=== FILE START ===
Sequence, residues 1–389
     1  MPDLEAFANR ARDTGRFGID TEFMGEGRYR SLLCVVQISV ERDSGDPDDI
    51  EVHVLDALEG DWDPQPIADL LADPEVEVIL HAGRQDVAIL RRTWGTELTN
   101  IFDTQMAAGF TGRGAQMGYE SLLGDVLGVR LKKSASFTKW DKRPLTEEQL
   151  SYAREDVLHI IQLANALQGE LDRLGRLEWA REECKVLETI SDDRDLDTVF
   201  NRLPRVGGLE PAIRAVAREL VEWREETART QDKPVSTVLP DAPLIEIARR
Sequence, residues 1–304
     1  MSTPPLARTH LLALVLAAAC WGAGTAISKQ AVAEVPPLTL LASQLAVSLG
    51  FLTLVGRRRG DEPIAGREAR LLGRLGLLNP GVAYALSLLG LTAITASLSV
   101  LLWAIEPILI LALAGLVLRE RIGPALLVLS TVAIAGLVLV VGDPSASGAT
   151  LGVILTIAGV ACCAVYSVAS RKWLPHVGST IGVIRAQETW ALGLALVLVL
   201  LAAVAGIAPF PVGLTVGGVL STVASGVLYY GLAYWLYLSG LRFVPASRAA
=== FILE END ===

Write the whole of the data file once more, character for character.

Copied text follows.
Sequence, residues 1–389
     1  MPDLEAFANR ARDTGRFGID TEFMGEGRYR SLLCVVQISV ERDSGDPDDI
    51  EVHVLDALEG DWDPQPIADL LADPEVEVIL HAGRQDVAIL RRTWGTELTN
   101  IFDTQMAAGF TGRGAQMGYE SLLGDVLGVR LKKSASFTKW DKRPLTEEQL
   151  SYAREDVLHI IQLANALQGE LDRLGRLEWA REECKVLETI SDDRDLDTVF
   201  NRLPRVGGLE PAIRAVAREL VEWREETART QDKPVSTVLP DAPLIEIARR
Sequence, residues 1–304
     1  MSTPPLARTH LLALVLAAAC WGAGTAISKQ AVAEVPPLTL LASQLAVSLG
    51  FLTLVGRRRG DEPIAGREAR LLGRLGLLNP GVAYALSLLG LTAITASLSV
   101  LLWAIEPILI LALAGLVLRE RIGPALLVLS TVAIAGLVLV VGDPSASGAT
   151  LGVILTIAGV ACCAVYSVAS RKWLPHVGST IGVIRAQETW ALGLALVLVL
   201  LAAVAGIAPF PVGLTVGGVL STVASGVLYY GLAYWLYLSG LRFVPASRAA